The Paradox of Imperfection

I am imperfect.  In so many ways.  I am clumsy to a fault, hurt myself in my sleep, become overwhelmed by emotions, and bring social awkwardness to every engagement I attend.  I have bad habits that I keep trying to overcome, say things I shouldn’t, and regularly get lost in my thoughts at inopportune times.  I don’t everything that I should and I worry about things that I shouldn’t.  I never walk out of the house with a complete outfit fit for a for a fashion magazine.  In fact, I probably would only grace the pages on a “what not to wear” page.  My eating habits are strange, at best, and I have no motivation to exercise, even though I know I should. I can come off as arrogant, but harbor deep self-doubt.  And more times than not, the only thing I want to do is to lock myself in my house and disappear with deep prayers that the world will let me.

But I keep going.

We live in a society that tells us perfection is the expectation.  In jobs, on dates, at the grocery store at 9 a.m. on a Saturday morning.  Society tells us to play the part and keep going.  Every new person you meet is going to be perfect and beautiful and everything that you aren’t.  We expect that of each other upon first meetings.  Pack on the makeup, create a perfect curl, pick your outfit accordingly down to the last detail.

And somehow, we are always disappointed.

But I am not perfect.  I will continue to stub my toe on doorways.  I will be taken hostage by emotions at the worst times.  I will have too much too drink and share too much about my thoughts.  I will giggle inappropriately because I don’t know what else to do.  I will be silent when I should talk because I don’t know what to say.  I will scratch myself in my sleep.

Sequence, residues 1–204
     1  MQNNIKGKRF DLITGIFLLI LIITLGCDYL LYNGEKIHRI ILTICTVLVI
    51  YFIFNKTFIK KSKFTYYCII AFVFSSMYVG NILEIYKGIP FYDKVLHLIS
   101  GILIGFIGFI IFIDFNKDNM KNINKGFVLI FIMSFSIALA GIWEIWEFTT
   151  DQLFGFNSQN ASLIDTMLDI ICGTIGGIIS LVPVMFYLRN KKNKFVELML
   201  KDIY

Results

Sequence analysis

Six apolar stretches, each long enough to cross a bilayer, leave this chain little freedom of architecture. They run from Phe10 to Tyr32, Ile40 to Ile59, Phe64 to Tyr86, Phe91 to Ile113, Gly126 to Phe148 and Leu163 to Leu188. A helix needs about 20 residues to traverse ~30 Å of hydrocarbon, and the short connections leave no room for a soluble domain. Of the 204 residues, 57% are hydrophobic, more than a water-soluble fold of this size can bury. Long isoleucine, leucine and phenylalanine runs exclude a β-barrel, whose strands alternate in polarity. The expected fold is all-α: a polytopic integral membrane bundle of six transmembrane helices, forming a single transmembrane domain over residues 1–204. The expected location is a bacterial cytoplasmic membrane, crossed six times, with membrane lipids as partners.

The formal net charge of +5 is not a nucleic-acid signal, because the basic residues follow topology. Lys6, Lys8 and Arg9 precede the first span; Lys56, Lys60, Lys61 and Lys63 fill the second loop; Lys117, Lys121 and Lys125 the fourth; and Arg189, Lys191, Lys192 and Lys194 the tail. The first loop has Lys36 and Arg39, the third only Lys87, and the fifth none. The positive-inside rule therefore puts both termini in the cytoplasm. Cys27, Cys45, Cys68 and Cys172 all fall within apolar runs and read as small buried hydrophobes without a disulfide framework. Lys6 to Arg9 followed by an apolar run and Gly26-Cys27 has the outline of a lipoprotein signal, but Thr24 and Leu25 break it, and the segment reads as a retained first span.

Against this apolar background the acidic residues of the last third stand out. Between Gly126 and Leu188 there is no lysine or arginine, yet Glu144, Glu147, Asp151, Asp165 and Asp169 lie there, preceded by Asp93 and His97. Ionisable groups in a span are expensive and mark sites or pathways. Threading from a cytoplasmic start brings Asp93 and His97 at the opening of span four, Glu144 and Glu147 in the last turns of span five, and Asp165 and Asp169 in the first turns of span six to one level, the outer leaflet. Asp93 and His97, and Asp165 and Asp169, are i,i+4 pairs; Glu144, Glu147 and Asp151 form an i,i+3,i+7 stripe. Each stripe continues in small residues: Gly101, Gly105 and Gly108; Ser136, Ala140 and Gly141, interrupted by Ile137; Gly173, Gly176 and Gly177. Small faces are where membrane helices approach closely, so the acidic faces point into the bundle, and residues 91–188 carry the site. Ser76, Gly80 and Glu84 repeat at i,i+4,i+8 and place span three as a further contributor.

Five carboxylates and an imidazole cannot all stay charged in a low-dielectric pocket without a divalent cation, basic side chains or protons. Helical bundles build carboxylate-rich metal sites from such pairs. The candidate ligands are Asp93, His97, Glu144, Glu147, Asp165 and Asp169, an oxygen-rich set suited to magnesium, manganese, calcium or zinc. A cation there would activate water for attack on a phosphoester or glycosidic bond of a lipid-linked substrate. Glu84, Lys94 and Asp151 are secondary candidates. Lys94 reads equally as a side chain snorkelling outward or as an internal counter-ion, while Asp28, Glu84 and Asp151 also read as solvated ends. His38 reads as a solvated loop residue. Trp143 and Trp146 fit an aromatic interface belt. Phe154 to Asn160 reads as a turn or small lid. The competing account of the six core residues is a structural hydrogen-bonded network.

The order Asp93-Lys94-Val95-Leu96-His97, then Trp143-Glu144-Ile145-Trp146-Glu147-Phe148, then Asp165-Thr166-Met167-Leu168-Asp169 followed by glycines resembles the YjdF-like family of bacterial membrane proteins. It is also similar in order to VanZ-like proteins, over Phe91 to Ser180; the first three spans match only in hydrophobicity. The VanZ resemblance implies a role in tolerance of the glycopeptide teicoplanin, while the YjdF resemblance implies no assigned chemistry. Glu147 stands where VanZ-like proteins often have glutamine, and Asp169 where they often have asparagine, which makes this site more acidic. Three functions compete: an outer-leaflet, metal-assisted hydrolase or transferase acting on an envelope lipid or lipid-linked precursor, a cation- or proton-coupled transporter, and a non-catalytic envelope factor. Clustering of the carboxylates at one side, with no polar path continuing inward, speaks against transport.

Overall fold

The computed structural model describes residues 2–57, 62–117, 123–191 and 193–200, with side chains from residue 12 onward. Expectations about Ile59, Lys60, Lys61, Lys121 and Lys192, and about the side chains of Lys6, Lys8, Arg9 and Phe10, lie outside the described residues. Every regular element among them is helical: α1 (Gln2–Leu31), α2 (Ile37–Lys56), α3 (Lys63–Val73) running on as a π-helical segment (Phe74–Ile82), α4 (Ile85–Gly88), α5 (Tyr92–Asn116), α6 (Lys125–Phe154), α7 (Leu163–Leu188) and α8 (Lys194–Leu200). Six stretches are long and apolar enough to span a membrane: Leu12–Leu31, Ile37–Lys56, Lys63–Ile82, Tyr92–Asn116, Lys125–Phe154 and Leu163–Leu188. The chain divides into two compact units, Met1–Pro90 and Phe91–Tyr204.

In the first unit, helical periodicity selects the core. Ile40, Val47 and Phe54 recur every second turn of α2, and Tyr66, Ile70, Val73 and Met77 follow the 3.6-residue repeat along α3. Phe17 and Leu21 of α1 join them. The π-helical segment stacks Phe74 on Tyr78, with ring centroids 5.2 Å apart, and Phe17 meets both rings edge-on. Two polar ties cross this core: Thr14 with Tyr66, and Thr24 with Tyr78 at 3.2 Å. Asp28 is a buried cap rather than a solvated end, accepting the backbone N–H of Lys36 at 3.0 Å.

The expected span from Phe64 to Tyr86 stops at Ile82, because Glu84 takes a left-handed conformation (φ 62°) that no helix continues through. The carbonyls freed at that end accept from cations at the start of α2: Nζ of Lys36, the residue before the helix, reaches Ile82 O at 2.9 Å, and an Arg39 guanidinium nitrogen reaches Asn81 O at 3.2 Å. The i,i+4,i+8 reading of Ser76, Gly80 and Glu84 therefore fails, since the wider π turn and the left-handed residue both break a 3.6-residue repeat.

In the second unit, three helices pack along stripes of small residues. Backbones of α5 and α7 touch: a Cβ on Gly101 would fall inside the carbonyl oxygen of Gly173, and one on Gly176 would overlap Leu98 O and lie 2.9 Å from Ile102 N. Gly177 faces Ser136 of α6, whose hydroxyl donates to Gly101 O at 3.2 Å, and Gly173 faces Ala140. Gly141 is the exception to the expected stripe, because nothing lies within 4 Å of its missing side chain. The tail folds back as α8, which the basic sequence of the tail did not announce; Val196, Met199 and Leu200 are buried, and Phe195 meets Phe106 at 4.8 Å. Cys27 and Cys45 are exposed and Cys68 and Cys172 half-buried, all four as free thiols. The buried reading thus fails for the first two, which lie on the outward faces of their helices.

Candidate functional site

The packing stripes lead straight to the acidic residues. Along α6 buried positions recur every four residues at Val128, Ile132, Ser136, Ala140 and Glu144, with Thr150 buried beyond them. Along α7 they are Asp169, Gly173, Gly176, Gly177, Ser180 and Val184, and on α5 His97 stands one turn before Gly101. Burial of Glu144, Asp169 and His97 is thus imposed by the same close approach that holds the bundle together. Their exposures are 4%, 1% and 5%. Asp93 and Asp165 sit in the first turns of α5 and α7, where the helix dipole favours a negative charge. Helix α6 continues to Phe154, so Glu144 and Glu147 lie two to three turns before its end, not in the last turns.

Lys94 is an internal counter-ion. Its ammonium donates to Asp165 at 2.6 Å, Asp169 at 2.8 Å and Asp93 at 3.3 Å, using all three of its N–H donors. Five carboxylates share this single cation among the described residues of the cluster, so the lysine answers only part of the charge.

For all of my imperfections, I will cherish them because they are what makes me the glorious being that I am.  And people will laugh, or scoff, or hate, or just plain avoid me.  But I will still be me.  Because their rejection is based on an unreasonable expectation.  Their rejection has nothing to do with me.  Because reasonable people don’t expect perfection.  Reasonable people laugh with you about your flaws and appreciate you despite them.

Society has created the imperfection paradox that we constantly strive to overcome, while making it impossible.  So, I reject the expectations and accept that I will never be perfect.  And the truth is, I never want to be.  Because reaching perfection leaves nothing left to learn, nothing left to strive for.  How boring would that life be?

 

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About author A. Lynn

A. Lynn has enjoyed the craft of writing since she finished the songs in Barry Manilow's songs as a five year old, prancing around her grandparents rural farm. Her style has changed as she's grown up. In the past ten years, she's experimented until finding her style and voice. Now, she's ready to take an effort to share her stories with the world. amberlynnk@yahoo.com View all posts by author A. Lynn

2 responses to “The Paradox of Imperfection

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